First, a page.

Kevin Formby
VP, Finance and Capital Markets

Trading Network Traffic and Coronavirus Growth

March 31, 2020 by Kevin Formby

The turmoil in world financial markets since the outbreak of the Coronavirus has been well documented in the press and online. As of the writing of this blog, the Dow Jones industrial index is down -22% from the beginning of the year. Bad, but way better than the -35% on March 23rd. Similar falls have been recorded on exchanges around the world. Emphasis in the media is on the absolute dollar value of shares or a bucket of shares such as the Dow Jones Industrial.

However, for capacity planners or network operations staff who run trading networks, it's not the value of shares that are traded that drives the amount of traffic on the network, it's the number of trades. For example a market "correction" that occurs over a period of many weeks or months is unlikely to have a major impact on network traffic, but the same "correction" occurring over a single day is likely to be associated with a rapid increase in trades, which then leads to a significant increase in trading network traffic. Keysight visibility equipment (such as optical taps, packet brokers and TradeVision) are at the heart of many trading networks and so are critical to network architects and operations staff responsible for the correct sizing of trading network capacity.

So two questions...

1. What has been the increase in the number of trades?

2. Can network operations staff use data on the number of coronavirus infections announced by public health authorities to help predict the likely increase in traffic?


I've put together a graph showing the total trades reported by each of the major equity Exchanges in North America over the last month - this includes NASDAQ, ARCA, BATS Y/X, EDGEA/X, NYSE, IEX, AMEX, BX and PSX venues (though it excludes off Exchange trades reported to FINRA via the TRF) [Source NASDAQ Trader]. Historically the volume of trades has been around 25 million trades per day, but this roughly trebled in the last month. From speaking to customers I have heard of up to four fold increases, so it's likely the analysis is roughly correct. See the graph below with a best fit curve applied to it.

Volume of US Equities Traded in March 2020
Graph 1


I don't have actual traffic statistics, but I assume that actual traffic on a trading network will approximately follow the same trajectory - [If anyone has real traffic data, please reach out via LinkedIn or email. I'll be interested to know]. So hopefully network planners had planned plenty of network capacity to handle at least a 3:1 increase.  If not, it's likely there would have been congestion, queuing delays and even dropped packets - just in an environment where dramatic rises and falls in share prices means that low latency access to venues were critical.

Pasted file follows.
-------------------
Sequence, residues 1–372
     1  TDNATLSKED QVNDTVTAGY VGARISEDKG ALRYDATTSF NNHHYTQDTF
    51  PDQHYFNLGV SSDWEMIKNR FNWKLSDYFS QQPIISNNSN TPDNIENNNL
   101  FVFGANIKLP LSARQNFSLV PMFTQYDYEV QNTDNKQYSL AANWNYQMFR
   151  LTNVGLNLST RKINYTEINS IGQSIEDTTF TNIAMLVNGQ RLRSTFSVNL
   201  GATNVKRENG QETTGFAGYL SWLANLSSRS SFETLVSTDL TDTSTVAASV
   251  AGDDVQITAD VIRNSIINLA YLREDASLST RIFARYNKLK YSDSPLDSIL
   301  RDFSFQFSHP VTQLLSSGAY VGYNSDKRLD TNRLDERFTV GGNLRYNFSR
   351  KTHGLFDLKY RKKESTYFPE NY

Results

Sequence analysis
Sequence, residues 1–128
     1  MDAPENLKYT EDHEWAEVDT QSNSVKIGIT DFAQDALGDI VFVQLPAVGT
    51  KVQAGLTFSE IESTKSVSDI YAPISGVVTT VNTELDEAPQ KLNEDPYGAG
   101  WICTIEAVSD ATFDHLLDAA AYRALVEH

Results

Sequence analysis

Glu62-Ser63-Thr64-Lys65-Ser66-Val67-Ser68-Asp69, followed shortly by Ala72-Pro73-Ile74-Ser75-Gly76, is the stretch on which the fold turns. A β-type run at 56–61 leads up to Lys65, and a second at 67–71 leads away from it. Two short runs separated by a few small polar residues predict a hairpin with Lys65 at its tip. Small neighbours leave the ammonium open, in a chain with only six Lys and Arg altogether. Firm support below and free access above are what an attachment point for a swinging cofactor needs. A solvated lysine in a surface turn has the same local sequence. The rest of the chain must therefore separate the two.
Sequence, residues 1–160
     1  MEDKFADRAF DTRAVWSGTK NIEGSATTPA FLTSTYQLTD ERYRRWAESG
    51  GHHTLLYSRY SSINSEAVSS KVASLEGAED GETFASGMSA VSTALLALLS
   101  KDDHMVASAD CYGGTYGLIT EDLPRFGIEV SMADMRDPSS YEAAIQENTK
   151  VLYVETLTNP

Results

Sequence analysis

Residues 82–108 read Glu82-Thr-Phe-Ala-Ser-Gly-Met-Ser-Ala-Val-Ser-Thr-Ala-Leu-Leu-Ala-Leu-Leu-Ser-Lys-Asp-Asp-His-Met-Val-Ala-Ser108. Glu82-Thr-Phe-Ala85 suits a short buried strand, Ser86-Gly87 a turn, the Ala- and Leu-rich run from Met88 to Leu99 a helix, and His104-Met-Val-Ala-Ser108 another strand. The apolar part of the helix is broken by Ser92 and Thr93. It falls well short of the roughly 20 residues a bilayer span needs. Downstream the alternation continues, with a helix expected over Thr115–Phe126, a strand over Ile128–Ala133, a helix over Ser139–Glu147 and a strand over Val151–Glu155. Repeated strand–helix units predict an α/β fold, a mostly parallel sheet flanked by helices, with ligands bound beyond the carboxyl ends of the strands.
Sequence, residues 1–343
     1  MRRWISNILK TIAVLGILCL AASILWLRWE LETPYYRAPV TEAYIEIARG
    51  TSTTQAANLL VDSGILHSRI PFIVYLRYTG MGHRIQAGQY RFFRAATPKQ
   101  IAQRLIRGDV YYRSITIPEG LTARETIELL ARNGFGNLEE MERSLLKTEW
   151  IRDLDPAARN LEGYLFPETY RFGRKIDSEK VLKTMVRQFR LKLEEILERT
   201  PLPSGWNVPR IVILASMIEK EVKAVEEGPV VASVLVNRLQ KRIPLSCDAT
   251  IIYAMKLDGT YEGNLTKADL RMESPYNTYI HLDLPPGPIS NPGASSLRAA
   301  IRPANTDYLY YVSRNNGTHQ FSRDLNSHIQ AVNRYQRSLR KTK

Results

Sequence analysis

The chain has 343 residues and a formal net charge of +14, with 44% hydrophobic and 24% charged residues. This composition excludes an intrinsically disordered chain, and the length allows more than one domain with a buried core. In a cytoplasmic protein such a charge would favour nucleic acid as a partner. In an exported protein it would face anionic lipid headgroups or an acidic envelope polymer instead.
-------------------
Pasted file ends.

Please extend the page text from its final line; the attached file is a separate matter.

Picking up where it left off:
So we can see from the above that the volume of trades on the US Equity markets increased dramatically in the last month. How correlated was this with the growth in reported infections in the USA? Everyday the Center for Disease Control (CDC) publishes a consolidated view of the number of positive Covid-19 tests in the USA:

CDC Coronavirus Cases
Graph 2


significant growth. However, comparing this graph with the graph of the number of shares traded, its obvious that there is no direct correlation between the number of cases and the volume of trades. Maybe the volume is related to the rate of growth, rather than the absolute increase in cases.

In the following graph I have plotted the rate of increase vs the volume of trades on a scatter diagram. Now things look more related.

Rate of Change of Covid-19 Infections
Graph 3


Clearly when the growth rate was low, the average trade volumes were low. The higher the growth rate the higher the volume of trades, but it's not a very "tight" relationship. I calculated the correlation coefficient (one of the benefits of Excel!) and it's 0.53. A correlation, but a "weak" one. 

I also took the same data and looked at the relationship between the absolute rate of change of the growth rate (the flattening of the curve mentioned so much on the news) and could find very little correlation. In fact the correlation function was only 0.3.

So what does this all mean?

I think the overall conclusion is really summarized in the Graph 1. Market volumes, and trading network traffic, tripled or even quadrupled against historical averages. These were driven as much by a realization of the impact on the global economies and the reaction of governments and politicians. US markets are responding somewhat to day by day growth rates in infections in the US, but the linkage is weak. Once the markets got used to the impact, then market volumes and volatility have started to decrease. I suspect that trade volumes will continue to decrease as the medical responses to the virus and therefore its impact on the economy become clearer.

The above analysis and discussion was focused around the impact of the coronavirus on trading networks. The visibility into trading networks is very much a key focus for Keysight and we have special products such as TradeVision to address it. However, we are also heavily involved in the visibility into the performance or standard Enterprise networks where the impact of the virus has also been significant. A key challenge in these environments has been the performance of VPN gateways and the testing of them under high loads - e.g. how many VPN sessions can be supported at once? If I get chance I'll look at a blog on this subject. In the meantime, if you are interested in this area...VPN Testing

As ever, please reach out if you have any thoughts on the above..good or bad!